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Working Document
20th anniversary of the signing of the Schengen agreements - 2 June 2005

Date of release : 02-06-2005

Policy area : Justice and Home Affairs Justice and Home Affairs

Event : 20th anniversary of the Schengen Agreement

Schengen cooperation celebrates its 20th anniversary this year. The first Schengen Agreement was signed on 14 June 1985 by five Member States of the European Communities who wanted to implement the idea of free movement of people.

This principle of free movement, which seems natural to us now, was still a challenge at the beginning of the 1980s. The principle of free movement of goods had been established, but its extension to people posed additional difficulties.

Belgium, France, Germany, Luxembourg and the Netherlands shared the same general approach regarding the extension of the principle of free movement to people: it was to be applied to all citizens with regular residence on their territory, whether they were nationals of Member States or not. In order to accelerate the work in progress within the European Communities, these five states committed themselves to creating a space without borders among themselves when they signed, on 14 June 1985, the agreement, which takes its name from the little village of Schengen, on the Moselle in Luxembourg.

Five years later, on 19 June 1990, the Convention implementing the Schengen Agreement was signed. This Convention translated, in addition to the 140 articles, the political declaration proclaimed five years earlier. It heralded the abolition of internal border controls between the signatory states and, in order to reconcile freedom and security, it put into place "compensatory" measures to establish common regulations on visas, rights of asylum and external border controls, improvement of the coordination between police services, customs and the judiciary, and the creation of what is called the key element, a computer system that allowed the sharing of certain information, such as data on the identity of people and the description of goods sought by the authorities - dubbed the Schengen Information System (SIS).

The Schengen Convention came into force on 26 March 1995. On that date, all of the technical and legal conditions necessary for it to function fully had been fulfilled (including the functioning of the Schengen Information System and the implementation of a joint supervisory body in charge of protecting data of a personal nature). Ina first phase, the entry into force was announced among the parties of the Schengen Agreement (the five signatory states of the Convention), plus Spain and Portugal, which joined the Convention on 25 June 1991.

Other Member States of the European Union have also joined the Convention implementing the Schengen Agreement: Italy on 27 November 1990, Greece on 6 November 1992, Austria on 28 April 1995, as well as Denmark, Finland and Sweden on 19 December 1996. To these are added, thanks to a cooperation agreement, Norway and Iceland, who are members of the Nordic Passport Union but not part of the European Union.

Thus, in 1997, during the signing of the Amsterdam Treaty, the intergovernmental cooperation implemented by the Schengen Agreement grew to include 13 Member States of the European Union and two associated states. Through a protocol attached to the Treaty of Amsterdam, the decisions adopted since 1985 by the members of the Schengen space and the working structures put into place in the framework of that cooperation, have been integrated into the legal and institutional framework of the EU, within which it benefits from parliamentary and judicial control. The objective of the free movement of persons, part of the Single European Act of 1986, has thus been achieved while guaranteeing democratic parliamentary control and making judicial recourse available to the citizens when their rights are called into question (Court of Justice and/or national jurisdictions, depending on the issue at hand).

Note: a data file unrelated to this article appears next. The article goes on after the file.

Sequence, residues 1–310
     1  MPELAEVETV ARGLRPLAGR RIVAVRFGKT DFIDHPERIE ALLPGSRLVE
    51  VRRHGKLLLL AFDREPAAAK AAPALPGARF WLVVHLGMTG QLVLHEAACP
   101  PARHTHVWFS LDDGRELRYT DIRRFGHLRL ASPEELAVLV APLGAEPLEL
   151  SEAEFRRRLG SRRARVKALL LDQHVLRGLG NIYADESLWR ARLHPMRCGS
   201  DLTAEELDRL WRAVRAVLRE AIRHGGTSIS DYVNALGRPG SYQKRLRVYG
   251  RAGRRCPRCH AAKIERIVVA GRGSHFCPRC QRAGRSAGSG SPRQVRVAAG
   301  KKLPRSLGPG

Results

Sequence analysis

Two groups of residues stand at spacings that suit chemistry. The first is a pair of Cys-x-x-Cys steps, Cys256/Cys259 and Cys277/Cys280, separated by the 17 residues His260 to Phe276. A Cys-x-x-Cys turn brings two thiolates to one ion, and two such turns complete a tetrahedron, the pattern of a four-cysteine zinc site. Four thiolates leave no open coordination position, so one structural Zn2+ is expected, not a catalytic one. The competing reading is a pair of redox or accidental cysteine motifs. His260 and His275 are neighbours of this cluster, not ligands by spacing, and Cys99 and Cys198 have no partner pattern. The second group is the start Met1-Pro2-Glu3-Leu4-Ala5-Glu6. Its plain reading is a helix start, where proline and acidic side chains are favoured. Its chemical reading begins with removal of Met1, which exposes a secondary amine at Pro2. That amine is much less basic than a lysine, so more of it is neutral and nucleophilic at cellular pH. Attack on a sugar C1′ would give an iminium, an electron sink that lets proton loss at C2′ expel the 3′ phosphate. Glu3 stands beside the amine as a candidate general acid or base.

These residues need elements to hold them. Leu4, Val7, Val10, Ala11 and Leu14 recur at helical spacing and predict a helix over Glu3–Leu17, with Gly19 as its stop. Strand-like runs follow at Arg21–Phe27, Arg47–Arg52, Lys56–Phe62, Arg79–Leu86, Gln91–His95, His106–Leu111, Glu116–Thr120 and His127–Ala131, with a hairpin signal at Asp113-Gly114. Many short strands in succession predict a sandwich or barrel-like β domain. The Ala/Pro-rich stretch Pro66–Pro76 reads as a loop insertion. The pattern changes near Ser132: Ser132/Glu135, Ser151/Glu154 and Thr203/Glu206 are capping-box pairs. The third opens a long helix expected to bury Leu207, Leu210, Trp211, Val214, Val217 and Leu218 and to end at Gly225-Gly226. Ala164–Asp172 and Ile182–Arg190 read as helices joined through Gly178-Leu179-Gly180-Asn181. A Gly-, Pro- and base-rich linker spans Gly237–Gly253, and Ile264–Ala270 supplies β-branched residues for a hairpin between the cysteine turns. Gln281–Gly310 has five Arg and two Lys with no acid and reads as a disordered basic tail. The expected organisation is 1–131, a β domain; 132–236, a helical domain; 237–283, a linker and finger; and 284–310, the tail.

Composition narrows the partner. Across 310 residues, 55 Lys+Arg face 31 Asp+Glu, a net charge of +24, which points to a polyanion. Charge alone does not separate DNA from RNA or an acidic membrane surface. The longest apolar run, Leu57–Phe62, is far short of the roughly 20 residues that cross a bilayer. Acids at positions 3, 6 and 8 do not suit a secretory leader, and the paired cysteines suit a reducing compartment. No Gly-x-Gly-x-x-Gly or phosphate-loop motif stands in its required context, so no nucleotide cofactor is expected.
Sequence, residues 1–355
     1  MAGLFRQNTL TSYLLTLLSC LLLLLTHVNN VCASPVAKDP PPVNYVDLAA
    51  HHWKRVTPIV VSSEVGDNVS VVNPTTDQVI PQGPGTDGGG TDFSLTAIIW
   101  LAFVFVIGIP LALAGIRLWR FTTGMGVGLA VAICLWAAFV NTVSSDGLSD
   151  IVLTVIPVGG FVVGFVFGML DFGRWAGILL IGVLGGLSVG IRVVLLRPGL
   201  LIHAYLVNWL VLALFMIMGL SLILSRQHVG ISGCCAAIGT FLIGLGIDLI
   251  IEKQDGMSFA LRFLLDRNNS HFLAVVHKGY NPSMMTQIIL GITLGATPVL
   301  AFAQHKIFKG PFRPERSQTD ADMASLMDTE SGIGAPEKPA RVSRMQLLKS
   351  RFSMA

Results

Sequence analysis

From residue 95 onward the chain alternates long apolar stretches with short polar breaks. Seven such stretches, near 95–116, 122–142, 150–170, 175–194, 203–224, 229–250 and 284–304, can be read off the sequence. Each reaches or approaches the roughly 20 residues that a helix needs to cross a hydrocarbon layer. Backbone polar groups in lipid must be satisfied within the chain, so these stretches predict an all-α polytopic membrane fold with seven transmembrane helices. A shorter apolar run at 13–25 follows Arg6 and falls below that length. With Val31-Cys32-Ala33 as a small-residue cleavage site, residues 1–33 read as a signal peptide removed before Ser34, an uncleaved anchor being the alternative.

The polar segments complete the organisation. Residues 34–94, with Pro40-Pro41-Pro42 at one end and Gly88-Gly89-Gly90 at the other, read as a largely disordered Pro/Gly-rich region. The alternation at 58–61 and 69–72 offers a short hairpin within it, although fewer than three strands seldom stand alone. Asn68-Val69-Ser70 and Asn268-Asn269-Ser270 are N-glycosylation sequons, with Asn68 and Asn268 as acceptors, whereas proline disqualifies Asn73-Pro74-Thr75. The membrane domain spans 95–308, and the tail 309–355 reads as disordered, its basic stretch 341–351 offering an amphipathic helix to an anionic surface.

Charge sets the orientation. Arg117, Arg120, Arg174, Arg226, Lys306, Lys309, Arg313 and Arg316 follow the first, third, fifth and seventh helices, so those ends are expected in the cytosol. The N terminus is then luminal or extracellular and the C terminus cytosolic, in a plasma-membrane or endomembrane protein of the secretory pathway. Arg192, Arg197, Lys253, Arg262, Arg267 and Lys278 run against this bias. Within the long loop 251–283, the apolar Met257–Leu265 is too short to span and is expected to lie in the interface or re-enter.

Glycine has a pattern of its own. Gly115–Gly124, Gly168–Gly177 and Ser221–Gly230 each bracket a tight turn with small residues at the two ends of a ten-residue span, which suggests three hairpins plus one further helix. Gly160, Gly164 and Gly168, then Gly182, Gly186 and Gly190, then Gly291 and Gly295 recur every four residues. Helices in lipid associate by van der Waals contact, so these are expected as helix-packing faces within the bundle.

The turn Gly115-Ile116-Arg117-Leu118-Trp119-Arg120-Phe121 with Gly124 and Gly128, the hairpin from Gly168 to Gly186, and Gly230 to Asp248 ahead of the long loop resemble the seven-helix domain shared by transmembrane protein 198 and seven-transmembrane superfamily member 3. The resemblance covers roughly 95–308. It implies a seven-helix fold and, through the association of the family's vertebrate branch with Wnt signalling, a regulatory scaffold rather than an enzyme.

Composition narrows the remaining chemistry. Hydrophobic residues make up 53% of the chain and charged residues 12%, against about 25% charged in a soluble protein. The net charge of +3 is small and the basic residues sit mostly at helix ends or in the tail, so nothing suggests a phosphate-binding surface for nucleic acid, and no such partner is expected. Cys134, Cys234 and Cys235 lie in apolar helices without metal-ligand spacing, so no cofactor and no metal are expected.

Progressively, the entry into force has been proclaimed in all the countries that have joined the Schengen space, as the necessary conditions have been fulfilled. On 25 March 2001, the Schengen space of free movement of people included 15 countries. Before long, on the basis of a bilateral accord reached on 26 October 2004 with the European Union and after a referendum set for 5 June 2005, Switzerland will also be able to join the Schengen space. The expansion of the Schengen space does not stop there, because the ten countries that joined the European Union in 2004 will also apply when the conditions have been met for the Schengen acquis.

There are special provisions for the United Kingdom, Ireland and Denmark: the United Kingdom and Ireland are not part of the Schengen Agreement; they may, with the agreement of the Council of the European Union, participate in whole or in part in the Schengen acquis and participate in its development. Denmark will decide on a case-by-case basis if it is to participate in the development of the acquis, based on international law, and will decide if it is to apply Community law adopted without its participation to its national law.

The Schengen Information System (SIS) is currently operational for 15 states, but it was not designed to function with the many Member States which now make up the European Union, and therefore it has insufficient capacity. A new second generation Schengen Information System (SIS II) is being prepared.

Schengen cooperation, created 20 years ago, is an important instrument which continues to develop. It has nevertheless already become, for the citizens of the European Union and third country nationals resident in Europe, synonymous with the space of free movement and greater security.

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This page was last modified on : 02-06-2005

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